Anatomy 101: Understanding Your Sacroiliac Joint


Yoga Journal

Twisting poses are a top cause of SI joint injury. Learn how 
to safely anchor yourself before moving into your next twist.

Pain in or near the sacroiliac, or SI, joint—the spot at 
the base of the spine where the sacrum bone joins the ilium bones of the pelvis—is a growing complaint among yogis. 
It’s especially common among women, who make up 80 percent of sufferers. That’s in part thanks to hormones related 
to menstruation, pregnancy, and lactation, which make women’s ligaments more lax and prone to over-stretching.

Why Women Are More Prone to SI Injury Than Men

Structural differences play a role, too. Often in women, only two segments of the sacrum articulate (or move) with the pelvis as compared to typically three segments in men, and less surface area touching the joint translates to less stability. The SI joint itself is also shallower in women, further reducing surface contact between bones. Finally, female SI joint surfaces are flatter and not as deeply curved as men’s—they can’t fit together as tightly, like two nesting bowls—and women’s two hip joints tend to be farther apart. Both factors negatively affect the biomechanics of walking, in which the hip joints alternate moving forward one after the other, causing a torqueing force across the pelvis and the SI joint. Though this is a normal action, with an innate slight slippage in the joint, in women the torquing force in the pelvis is greater, potentially stressing the sacral ligaments.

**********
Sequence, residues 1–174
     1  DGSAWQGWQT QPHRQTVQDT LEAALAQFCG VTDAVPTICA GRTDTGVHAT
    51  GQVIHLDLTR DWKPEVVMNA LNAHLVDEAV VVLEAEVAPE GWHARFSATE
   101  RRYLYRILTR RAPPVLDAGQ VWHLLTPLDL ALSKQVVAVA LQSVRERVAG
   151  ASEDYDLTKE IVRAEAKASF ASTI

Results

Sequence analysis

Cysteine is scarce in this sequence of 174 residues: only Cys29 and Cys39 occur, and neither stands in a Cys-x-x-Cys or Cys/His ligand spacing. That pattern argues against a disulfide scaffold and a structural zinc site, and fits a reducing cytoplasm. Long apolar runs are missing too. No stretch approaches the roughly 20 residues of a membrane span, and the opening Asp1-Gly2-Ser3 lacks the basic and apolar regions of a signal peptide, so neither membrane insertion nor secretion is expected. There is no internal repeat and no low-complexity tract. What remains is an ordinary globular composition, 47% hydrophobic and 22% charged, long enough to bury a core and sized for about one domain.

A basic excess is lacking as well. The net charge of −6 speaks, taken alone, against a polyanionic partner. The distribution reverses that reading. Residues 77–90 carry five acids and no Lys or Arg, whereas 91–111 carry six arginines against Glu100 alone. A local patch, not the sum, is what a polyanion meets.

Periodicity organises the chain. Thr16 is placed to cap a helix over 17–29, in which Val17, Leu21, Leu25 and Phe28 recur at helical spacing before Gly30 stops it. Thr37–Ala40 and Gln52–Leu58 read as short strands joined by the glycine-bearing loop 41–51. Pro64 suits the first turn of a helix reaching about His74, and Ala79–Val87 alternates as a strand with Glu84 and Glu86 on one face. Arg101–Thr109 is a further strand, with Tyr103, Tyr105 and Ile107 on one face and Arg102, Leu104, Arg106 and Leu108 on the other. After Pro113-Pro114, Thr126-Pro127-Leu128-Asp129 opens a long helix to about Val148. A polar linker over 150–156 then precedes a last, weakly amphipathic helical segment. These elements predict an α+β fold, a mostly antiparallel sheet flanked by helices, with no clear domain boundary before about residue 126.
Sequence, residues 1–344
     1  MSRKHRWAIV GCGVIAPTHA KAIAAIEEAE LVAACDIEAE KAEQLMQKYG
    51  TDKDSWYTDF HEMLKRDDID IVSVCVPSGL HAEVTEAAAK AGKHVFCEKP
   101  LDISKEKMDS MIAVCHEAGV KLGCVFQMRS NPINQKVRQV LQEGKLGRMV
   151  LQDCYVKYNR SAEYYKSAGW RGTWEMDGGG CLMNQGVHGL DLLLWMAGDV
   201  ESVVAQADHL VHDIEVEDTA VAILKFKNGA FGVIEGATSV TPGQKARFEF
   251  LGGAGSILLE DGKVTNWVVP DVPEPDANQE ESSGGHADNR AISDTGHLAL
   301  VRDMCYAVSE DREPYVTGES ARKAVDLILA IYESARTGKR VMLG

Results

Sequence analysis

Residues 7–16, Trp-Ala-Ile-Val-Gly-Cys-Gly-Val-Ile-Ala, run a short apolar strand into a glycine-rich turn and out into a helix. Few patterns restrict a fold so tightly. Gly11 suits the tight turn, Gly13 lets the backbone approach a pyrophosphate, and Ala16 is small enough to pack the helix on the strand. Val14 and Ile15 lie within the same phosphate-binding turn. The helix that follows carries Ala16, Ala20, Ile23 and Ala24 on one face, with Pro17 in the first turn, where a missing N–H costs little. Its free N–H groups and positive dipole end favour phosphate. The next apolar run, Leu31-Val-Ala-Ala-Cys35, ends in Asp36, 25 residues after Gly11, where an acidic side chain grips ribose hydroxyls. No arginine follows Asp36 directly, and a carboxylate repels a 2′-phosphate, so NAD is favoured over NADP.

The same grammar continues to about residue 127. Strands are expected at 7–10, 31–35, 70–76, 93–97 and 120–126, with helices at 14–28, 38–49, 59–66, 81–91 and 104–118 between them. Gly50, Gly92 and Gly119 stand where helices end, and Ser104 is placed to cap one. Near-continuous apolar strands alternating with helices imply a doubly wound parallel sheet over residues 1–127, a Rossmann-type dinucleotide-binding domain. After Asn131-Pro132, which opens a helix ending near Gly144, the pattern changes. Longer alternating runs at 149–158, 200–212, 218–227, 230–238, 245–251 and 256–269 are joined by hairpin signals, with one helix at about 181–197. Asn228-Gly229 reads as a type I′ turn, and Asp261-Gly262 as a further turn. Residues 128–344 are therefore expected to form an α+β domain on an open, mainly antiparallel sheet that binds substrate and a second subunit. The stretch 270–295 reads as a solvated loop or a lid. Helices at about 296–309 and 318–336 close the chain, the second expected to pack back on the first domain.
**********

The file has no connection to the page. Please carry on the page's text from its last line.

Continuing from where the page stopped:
The Key Functions of the SI Joint

Of course, men suffer SI joint pain too, often as a result of inheriting lax ligaments from their parents, or through injury or overstretching in yoga. Regardless of gender, an SI injury can seriously impact your practice and your life. In standing, the weight of the trunk, head, and upper extremities translates laterally out through this joint to the greater pelvis, and then through the pelvis to the legs, and finally 
to the feet and floor. This makes the SI joint critical to standing, and allows us to bear weight on our bones rather than letting the weight just hang and potentially injure soft tissue like the ligaments. (Ligaments need to have integrity; they’re responsible for holding bone to bone, and if they are overstretched and stressed, the surrounding tissue must work extra hard to help create the needed stability—putting it at risk of injury, too.)